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Friday, Sept. 28, 2001

Sesame Street for better English learning


Special to The Japan Times

The creators of "Sesame Street" are developing new content and materials to make the highly successful children's television program more useful for Japanese children learning English.

Television is "the most powerful teaching instrument ever invented," says Gary Knell, head of Sesame Workshop.

Aired on NHK for the past 30 years, "Sesame Street" has long been used by Japanese as a way to study English. In April of this year, the public television station introduced a new program called "Sesame Eigo World," developed specifically for teaching English as a foreign language.

This is the first step in an ambitious plan to build "Sesame Street" into a multimedia tool for learning English. On a recent trip to Tokyo, top executives of Sesame Workshop spoke to The Japan Times about their strategy for Japan. "Although we have long recognized that 'Sesame Street' is widely used in Japan for English learning, we resolved several years ago to work with NHK to make 'Sesame Street' even more relevant to Japanese families," explained Gary Knell, president and CEO of Sesame Workshop (formerly the Children's Television Workshop).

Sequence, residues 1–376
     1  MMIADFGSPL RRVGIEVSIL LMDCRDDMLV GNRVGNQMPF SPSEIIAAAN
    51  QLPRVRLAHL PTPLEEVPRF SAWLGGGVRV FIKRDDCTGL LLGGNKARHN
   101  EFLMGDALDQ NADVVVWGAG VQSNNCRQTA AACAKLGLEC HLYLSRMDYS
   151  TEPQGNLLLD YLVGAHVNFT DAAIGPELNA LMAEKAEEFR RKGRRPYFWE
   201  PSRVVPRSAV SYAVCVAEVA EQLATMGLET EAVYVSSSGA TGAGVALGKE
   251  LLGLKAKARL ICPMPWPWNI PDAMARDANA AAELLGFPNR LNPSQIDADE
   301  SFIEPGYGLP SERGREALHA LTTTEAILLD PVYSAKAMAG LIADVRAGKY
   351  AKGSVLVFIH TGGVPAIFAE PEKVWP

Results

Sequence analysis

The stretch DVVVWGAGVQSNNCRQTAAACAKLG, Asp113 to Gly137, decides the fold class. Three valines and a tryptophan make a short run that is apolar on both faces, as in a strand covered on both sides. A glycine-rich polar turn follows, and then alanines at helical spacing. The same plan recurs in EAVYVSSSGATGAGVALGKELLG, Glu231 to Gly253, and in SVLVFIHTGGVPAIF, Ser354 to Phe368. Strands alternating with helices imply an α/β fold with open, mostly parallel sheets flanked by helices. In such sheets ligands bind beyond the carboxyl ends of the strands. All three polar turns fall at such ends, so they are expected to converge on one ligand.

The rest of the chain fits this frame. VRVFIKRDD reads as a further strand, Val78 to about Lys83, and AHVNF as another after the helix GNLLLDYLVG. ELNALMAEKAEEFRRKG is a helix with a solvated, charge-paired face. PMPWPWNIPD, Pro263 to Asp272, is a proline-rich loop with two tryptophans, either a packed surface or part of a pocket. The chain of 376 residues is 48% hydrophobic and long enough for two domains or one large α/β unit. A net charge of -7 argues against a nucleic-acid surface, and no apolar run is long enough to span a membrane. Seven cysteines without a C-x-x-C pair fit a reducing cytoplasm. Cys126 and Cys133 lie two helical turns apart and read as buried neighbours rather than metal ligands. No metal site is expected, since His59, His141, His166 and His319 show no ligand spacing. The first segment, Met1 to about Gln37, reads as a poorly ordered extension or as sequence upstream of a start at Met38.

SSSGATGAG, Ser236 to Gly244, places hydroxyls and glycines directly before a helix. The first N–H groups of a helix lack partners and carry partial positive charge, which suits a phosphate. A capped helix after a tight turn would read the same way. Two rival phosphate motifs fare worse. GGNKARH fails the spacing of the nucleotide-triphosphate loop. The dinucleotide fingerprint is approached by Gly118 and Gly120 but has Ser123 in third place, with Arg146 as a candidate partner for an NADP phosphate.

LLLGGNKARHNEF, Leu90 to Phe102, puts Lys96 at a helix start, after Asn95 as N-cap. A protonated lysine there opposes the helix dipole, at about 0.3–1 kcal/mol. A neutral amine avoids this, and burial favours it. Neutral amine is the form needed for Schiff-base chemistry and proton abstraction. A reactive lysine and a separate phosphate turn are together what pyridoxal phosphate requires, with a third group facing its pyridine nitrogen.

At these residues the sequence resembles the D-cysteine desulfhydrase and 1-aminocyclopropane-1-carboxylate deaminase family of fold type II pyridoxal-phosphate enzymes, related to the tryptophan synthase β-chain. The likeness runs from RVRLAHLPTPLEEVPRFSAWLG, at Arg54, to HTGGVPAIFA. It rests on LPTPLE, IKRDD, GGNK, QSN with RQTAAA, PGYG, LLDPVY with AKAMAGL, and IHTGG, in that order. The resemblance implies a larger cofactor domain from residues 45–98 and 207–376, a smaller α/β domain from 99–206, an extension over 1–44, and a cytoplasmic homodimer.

Three years ago, Sesame Workshop and NHK convened a meeting of Japanese child-development experts and teachers of English as a foreign language to seek advice on how to improve the program. Based in part on this input, Sesame Workshop decided to create new content to help children learn English in a fun and effective way.

The Jim Henson Company developed a new muppet character, Tingo, especially for the task. Tingo, who looks something like a tiger, is impulsive and curious, and eager to learn from his American friend, Kiki. In Japan, Tingo speaks English and Japanese. In other countries where the show airs, including China, the show is called "Sesame English" and Tingo speaks English and the local language.

Each episode teaches expressions used in everyday conversation (e.g., "Good night" and "What's this?") as well as useful vocabulary. The show also introduces phrases and expressions that elicit a response, such as "Look at me" or "Put on your coat." Simple grammar is taught, along with the alphabet and numbers from one to 20.

The curriculum uses themes that are familiar and interesting to children, including families, friends, pets, toys, food and weather.

"Our aim is to make the English-learning experience effective and enjoyable for Japanese families," Knell said. While making the changes, Sesame Workshop was careful to preserve "what has made the program so successful in Japan," he said, explaining that Japanese viewers see "Sesame Street" as "a window on America."

"Sesame Street" is now broadcast in 148 countries with 20 international coproductions to suit local languages, customs and educational needs. "We are the best-known teachers of children in the world," Knell asserted.